Stocks worldwide may tumble 35 percent if Europe’s sovereign-debt crisis deepens as investors flee risky assets and earnings drop, according to an analyst team at Deutsche Bank AG in London.
“While consensus is that equities are not overvalued at current levels, we believe that investors and politicians underestimate the impact that a full-blown financial crisis would have,” the bank’s valuation and accounting team, led by Francesco Curto, wrote in a report today. “On a milder scenario, under which the crisis is contained and does not spill over to the real economy, we would still expect the MSCI World to fall by around 12 percent,” they added.
The MSCI World Index is headed for its worst week since August 2010, having dropped 2.5 percent so far, after bond yields for Italy and Spain rose to their highest since the euro was introduced in 1999 amid the escalating debt crisis in Europe. Standard & Poor’s yesterday became the second company this week to say it may cut the U.S.’s top credit rating.
In a “worst-case” scenario, the debt crisis would evolve to a “full-blown financial crisis” like the one caused by the collapse of Lehman Brothers Holdings Inc. in 2008, they wrote. The cost of equity capital would rise to levels last seen at the market bottom of March 2009 and companies’ net income would fall, they wrote.
In such a scenario, banks would trade at 0.32 times the value of their assets, down from about 0.85 now, the report said.
Equity Risk Premium
The extra return investors demand from European equities in the form of earnings as a percentage of share prices has risen to the highest relative to yields on German government bonds since the end of 2008, according to Bloomberg data.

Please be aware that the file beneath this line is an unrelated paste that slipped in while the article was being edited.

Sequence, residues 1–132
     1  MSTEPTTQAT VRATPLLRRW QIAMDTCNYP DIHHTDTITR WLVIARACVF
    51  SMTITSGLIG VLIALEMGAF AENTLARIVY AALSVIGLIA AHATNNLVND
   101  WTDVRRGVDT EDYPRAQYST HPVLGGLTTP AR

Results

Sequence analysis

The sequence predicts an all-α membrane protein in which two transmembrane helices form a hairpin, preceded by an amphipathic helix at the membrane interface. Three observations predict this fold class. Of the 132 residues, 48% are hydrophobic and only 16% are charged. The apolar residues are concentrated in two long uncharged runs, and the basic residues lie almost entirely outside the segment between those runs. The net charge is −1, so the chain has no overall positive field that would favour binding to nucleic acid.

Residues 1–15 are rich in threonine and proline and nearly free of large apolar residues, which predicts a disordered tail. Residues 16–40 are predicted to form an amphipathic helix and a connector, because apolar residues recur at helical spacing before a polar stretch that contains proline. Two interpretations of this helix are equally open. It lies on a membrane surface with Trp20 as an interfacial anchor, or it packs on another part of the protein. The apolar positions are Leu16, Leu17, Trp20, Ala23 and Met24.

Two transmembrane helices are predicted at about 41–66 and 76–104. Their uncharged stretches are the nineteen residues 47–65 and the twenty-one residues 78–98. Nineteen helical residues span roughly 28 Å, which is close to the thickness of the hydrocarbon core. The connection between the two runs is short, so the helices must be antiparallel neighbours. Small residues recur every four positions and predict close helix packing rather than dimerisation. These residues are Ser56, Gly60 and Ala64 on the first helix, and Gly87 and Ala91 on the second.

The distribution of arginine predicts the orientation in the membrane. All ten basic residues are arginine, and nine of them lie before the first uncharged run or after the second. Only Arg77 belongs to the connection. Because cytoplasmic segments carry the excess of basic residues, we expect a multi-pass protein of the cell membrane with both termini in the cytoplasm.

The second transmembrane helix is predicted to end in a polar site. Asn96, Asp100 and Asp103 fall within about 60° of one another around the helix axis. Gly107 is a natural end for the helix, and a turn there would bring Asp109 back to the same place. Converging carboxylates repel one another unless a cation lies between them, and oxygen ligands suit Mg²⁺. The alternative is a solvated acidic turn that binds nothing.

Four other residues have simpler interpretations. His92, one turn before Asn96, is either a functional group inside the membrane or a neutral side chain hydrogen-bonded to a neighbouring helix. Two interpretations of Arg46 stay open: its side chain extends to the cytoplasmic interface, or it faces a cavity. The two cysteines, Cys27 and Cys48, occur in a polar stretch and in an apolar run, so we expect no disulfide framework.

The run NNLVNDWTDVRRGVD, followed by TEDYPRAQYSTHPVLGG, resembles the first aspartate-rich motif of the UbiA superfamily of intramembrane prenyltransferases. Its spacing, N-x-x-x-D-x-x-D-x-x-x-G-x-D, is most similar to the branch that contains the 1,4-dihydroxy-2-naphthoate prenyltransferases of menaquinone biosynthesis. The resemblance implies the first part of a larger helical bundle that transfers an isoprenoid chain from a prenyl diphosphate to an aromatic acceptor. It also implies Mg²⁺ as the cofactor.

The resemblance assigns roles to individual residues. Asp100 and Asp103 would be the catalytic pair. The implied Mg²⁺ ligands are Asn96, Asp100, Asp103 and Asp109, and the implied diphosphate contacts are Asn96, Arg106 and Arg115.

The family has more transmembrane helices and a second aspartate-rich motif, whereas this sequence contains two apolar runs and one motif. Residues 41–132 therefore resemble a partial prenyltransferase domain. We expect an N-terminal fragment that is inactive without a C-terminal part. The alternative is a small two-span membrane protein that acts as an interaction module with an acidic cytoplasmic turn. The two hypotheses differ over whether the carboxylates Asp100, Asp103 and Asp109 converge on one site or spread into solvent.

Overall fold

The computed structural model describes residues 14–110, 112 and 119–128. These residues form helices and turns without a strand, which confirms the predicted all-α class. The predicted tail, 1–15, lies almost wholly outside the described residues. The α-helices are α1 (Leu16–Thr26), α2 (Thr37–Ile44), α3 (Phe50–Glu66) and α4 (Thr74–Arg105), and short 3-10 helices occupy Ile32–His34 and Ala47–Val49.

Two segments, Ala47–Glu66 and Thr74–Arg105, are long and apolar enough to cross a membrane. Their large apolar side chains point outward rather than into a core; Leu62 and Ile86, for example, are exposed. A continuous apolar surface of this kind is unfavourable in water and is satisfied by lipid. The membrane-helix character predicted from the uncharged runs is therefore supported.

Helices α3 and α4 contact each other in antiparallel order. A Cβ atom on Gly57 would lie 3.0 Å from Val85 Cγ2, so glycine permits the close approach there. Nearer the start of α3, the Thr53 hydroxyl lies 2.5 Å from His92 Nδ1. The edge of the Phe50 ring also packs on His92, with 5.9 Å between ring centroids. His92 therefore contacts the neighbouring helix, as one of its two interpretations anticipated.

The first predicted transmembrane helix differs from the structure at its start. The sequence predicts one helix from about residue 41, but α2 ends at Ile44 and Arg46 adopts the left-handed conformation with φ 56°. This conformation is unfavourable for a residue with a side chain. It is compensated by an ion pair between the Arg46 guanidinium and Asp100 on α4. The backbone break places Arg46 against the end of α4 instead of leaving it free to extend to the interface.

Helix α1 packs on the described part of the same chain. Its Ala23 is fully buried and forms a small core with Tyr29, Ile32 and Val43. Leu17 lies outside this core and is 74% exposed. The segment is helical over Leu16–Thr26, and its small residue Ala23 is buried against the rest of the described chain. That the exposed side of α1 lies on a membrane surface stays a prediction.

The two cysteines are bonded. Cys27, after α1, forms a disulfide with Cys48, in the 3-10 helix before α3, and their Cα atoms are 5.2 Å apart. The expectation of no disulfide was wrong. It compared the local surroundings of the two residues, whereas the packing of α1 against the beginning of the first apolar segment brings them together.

In the U.S., the so-called equity risk premium reached a monthly record high in February 2009 as the credit crisis roiled markets. The earnings yield on the Standard & Poor’s 500 Index that month topped the yield on 10-year Treasuries by 6.13 percentage points.
The team’s main scenario is that the MSCI World ends 2011 at 1,359, climbing 3.7 percent from yesterday’s close of 1,310.83.
“Prompt action from European authorities could avert this worst-case outcome, however,” the analysts wrote. “But the downside risks to our relatively mild scenario have undoubtedly increased recently.”
The valuation and accounting team’s view differs from forecasts by Deutsche Bank’s equity strategists. Gareth Evans, a London-based European strategist, predicts that the Stoxx 600 Europe Index will climb 18 percent from yesterday’s close through year-end. Binky Chadha in New York, the bank’s U.S. strategist, predicts the Standard & Poor’s 500 Index will end 2011 at 1,550, an 18 percent advance from yesterday’s close.